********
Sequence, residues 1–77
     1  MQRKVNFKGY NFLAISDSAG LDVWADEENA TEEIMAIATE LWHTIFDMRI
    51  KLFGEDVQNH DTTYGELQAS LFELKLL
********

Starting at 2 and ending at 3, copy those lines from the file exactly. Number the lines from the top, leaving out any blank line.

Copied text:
     1  MQRKVNFKGY NFLAISDSAG LDVWADEENA TEEIMAIATE LWHTIFDMRI
    51  KLFGEDVQNH DTTYGELQAS LFELKLL